February 8, 2023

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Capitalizing on the Latin American Market Downturn • TechCrunch

Andre Maciel is the founder of Volpe Capital. He previously worked at JP Morgan and was a managing investment partner at SoftBank.

Jennifer Queen contributor

Jennifer Queen is the founder of Pina, a PR firm focused on startups and venture capital firms.

Latin American venture capital and growth investments through 2018 had averaged less than $2 billion per year. With quality growth companies starving for capital, the few investors active in the region were having a blast. For example, after investing in its Latin American franchise across cycles, General Atlantic has an IRR (internal return) of over 50% on those vintages.

As a technology banker, I thought there was an opportunity to invest in the region and decided to quit my job at JP Morgan and give it a go. When I called my former boss, Nicolas Aguzin, to thank him for his support, he said he would introduce me to SoftBank’s Marcelo Claure. By March 2019, we had launched SoftBank in Latin America with an initial commitment of $2 billion, which was worth more than the entire industry at the time.

Big companies like Nubank, Inter, Gympass, Quinto Andar and a few others were still in their infancy at the time, but the market dislocations didn’t last long. Latin America became the world’s fastest growing VC region and the market grew to $16 billion in 2021. In 2020 I created a new growth fund to bridge the funding gap in the region and give me the opportunity to see how startups from recent years are faring in a bonanza scenario.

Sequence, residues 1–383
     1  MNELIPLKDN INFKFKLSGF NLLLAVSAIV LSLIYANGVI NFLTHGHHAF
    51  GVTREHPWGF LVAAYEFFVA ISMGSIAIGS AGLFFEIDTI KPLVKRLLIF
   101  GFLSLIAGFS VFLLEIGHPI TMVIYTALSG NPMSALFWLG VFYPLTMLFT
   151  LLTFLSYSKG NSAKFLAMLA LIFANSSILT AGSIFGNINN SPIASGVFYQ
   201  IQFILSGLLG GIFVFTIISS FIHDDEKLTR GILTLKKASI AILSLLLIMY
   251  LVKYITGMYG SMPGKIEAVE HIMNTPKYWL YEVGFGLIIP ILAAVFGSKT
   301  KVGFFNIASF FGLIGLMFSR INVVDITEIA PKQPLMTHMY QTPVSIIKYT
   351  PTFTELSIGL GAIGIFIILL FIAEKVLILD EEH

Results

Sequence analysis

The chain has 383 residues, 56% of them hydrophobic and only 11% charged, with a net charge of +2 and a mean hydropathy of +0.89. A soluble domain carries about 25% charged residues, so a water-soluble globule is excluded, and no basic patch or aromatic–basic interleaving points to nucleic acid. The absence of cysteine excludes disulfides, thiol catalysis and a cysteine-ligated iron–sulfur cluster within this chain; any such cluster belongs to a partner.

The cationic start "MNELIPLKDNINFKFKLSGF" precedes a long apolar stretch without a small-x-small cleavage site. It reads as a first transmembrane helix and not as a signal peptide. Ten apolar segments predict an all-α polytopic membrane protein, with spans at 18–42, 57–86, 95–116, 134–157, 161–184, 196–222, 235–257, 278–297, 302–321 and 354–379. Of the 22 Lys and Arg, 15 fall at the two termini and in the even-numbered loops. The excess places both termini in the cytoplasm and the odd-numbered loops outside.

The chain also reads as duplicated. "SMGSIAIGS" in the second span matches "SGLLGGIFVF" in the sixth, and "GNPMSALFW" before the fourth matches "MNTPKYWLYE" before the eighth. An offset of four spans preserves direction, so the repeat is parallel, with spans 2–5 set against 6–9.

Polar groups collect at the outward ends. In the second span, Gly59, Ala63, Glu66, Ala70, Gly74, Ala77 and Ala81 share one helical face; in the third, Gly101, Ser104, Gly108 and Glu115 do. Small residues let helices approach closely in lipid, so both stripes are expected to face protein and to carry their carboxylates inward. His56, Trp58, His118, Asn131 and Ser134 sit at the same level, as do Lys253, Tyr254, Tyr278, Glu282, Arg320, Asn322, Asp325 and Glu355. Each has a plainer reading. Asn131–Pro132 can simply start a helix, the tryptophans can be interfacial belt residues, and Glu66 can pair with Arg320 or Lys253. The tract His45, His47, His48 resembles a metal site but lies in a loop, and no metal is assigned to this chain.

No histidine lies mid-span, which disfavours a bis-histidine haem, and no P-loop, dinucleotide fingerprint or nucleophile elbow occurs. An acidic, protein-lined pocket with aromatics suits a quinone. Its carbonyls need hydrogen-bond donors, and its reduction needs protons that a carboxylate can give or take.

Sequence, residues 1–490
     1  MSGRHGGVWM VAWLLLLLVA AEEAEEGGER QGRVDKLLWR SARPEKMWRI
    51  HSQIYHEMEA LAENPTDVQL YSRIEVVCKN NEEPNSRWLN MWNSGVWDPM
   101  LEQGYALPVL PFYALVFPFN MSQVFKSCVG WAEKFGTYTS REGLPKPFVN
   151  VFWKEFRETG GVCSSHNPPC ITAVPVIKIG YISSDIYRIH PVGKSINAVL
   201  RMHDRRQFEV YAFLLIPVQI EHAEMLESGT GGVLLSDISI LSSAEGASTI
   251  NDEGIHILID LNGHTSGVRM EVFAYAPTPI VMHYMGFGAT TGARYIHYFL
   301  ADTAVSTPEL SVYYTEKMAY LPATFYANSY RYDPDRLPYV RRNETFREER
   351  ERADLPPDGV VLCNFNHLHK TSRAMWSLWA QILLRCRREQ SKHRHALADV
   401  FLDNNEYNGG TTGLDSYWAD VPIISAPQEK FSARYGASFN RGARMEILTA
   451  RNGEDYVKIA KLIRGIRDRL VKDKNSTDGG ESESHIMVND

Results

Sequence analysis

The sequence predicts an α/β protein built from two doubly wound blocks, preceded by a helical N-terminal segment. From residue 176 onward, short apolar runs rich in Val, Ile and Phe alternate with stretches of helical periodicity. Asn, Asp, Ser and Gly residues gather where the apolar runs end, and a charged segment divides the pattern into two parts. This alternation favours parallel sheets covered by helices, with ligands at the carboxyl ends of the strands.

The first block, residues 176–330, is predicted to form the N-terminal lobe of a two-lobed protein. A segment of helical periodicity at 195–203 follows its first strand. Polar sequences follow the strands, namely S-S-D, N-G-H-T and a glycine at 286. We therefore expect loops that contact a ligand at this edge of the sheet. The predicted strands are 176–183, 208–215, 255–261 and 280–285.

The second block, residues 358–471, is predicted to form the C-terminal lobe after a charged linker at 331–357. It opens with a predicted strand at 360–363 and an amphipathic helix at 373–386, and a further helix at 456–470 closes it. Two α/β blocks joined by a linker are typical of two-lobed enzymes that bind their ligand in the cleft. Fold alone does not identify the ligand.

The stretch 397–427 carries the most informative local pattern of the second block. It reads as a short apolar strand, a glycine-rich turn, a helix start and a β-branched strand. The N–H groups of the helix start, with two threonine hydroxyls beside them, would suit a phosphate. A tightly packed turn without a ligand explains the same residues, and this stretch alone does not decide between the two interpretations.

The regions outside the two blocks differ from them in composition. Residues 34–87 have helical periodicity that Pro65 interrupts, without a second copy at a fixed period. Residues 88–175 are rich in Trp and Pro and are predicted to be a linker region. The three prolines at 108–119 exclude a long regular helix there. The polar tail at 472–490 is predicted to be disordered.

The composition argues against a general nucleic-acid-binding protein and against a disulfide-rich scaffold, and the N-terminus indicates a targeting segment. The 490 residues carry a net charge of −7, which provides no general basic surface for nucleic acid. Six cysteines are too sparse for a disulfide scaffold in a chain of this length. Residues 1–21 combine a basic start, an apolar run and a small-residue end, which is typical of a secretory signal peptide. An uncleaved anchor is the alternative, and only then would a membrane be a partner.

Fast-forward to date, late-stage financing in Latin America has been hard hit, with volumes down 93% year-on-year in the third quarter of 2022. Going forward, we expect the region to suffer more than other markets from a lack of available local growth capital.

The chart below shows that of the 290 investors focused on late-stage rounds in 2021, only three were active in Q3 2022. Additionally, only 24% of these investors in 2021 were local, most of whom were not engaged in growth capital and included a large number of individuals, hedge funds, and family offices.

Source: LAVCA. Note: Late Stage considers series C, D and beyond. Photo credit: Volpe Capital

By solving local problems, startups will build pricing power that should allow them to thrive.

Early-stage funding has remained relatively active so far this year, and many good companies are bringing in early rounds of funding and expect to hit the market in 2023. But more than 200 late-stage Latin American companies are holding back as much as possible before attempting to raise additional capital. Foreign capital will only cover part of these financing needs.

I started my private equity career in 2002, but my first job at JP Morgan was simple: I wrote portfolio reviews and helped liquidate a large portfolio of internet companies that had had their share of fame but had largely failed by then . What I learned from those days about how some companies thrived while most failed is part of what we share with our portfolio companies today.

Here are a few takeaways:

Milk every dollar, save every cent

Below are a few examples of how companies have done whatever it takes to stay afloat and eventually succeed:

In 2001, MercadoLibre employed a freemium strategy to gain market share in the highly competitive Latin American online auction market. Users could sell their products for free on the platform, which naturally boosted GMV growth. By 2003 that was over and the company quickly introduced fees into its markets.